Understanding WebView and Android security patches

A recent revelation that Google is no longer developing security patches for the "WebView" component of Android in Jelly Bean and earlier has once again put a spotlight on Android security, and the challenges involved with securing the one billion or so active devices. First revealed by Metasploit on Jan. 12, Google's stance on updating this central Android component has been widely reported in the following days.

So what exactly is WebView, and what does Google's stance on WebView updates mean for Android device owners? And if you're still running Jelly Bean, what can you do to mimimize the risk? We'll take a detailed look after the break.

First things first: What is WebView?

Viewing a web page in anything besides Chrome? Chances are you're looking at a WebView.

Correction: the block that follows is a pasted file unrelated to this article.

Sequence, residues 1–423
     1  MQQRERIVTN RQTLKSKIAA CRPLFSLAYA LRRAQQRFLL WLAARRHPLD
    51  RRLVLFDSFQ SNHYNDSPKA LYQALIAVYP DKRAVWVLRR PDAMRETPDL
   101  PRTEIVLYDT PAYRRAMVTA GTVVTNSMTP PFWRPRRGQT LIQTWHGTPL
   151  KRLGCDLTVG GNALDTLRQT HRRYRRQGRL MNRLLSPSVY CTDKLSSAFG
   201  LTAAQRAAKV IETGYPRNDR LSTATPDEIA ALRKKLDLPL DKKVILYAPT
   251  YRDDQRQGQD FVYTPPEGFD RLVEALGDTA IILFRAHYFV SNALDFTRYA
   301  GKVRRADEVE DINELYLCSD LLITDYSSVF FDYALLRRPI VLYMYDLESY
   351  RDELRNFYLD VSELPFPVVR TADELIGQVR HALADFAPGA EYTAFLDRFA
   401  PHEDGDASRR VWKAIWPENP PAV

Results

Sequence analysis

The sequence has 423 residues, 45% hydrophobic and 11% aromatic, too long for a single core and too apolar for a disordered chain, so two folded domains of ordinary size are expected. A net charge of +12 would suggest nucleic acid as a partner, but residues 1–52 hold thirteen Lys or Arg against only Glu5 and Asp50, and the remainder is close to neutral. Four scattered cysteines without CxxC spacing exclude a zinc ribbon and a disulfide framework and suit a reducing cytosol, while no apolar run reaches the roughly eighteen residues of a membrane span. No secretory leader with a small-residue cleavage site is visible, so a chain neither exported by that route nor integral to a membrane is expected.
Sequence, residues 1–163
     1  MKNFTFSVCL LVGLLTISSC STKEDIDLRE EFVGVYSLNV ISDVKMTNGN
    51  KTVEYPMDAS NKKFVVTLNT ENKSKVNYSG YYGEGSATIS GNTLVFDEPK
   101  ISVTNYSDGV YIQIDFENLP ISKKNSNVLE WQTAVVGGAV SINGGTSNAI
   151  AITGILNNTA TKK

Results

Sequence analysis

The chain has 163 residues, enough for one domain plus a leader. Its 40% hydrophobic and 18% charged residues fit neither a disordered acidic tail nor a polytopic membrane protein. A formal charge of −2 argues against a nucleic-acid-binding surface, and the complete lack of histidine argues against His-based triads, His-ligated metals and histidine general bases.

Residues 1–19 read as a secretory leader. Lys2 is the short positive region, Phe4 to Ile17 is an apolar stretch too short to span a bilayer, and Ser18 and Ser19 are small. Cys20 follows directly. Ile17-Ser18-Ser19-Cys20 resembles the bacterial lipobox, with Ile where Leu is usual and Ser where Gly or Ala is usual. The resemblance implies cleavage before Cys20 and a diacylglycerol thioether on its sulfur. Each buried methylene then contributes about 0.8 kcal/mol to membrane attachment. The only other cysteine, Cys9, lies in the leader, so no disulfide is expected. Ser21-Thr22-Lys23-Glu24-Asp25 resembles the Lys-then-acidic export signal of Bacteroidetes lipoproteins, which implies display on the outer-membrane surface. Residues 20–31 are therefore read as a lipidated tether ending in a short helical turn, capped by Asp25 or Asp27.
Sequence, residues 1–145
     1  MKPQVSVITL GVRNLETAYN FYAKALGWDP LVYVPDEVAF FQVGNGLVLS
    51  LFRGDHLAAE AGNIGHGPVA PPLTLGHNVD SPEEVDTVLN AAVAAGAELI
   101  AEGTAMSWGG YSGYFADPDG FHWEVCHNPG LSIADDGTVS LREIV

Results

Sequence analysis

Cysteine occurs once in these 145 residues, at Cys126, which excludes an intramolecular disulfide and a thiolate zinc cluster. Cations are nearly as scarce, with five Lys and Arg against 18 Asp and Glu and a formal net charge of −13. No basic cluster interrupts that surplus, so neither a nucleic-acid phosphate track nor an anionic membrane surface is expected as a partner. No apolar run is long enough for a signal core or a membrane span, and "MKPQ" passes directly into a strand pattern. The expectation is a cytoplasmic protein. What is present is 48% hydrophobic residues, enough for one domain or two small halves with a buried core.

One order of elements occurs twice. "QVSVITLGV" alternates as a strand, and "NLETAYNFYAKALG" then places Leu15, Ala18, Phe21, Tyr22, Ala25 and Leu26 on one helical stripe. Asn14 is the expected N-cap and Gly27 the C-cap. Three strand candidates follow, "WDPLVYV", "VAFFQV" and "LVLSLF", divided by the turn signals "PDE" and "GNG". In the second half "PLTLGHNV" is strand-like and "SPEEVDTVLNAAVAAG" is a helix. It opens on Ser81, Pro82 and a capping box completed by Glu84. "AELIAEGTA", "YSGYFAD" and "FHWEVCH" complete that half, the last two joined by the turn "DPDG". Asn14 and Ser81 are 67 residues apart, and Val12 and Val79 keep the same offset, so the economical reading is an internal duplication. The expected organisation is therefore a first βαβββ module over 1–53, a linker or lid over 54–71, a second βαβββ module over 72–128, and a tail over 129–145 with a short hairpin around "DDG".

WebView is the part of the Android OS responsible for rendering web pages in most Android apps. If you see web content in an Android app, chances are you're looking at a WebView. The major exception to this rule is Google Chrome for Android, which instead uses its own rendering engine, built into the app. (The same goes for some third-party Android browsers like Firefox.)

In older versions of Android (4.3 and below), WebView uses code based on Apple's Webkit — the same tech behind the Safari browser. In Android 4.4 and above, WebView is based on Chromium, the open-source base of Google Chrome (which uses Google's Blink engine.). In Android 5.0, WebView was broken out as a separate app, presumably to allow timely updates through Google Play without requiring firmware updates to be issued.

What's going on?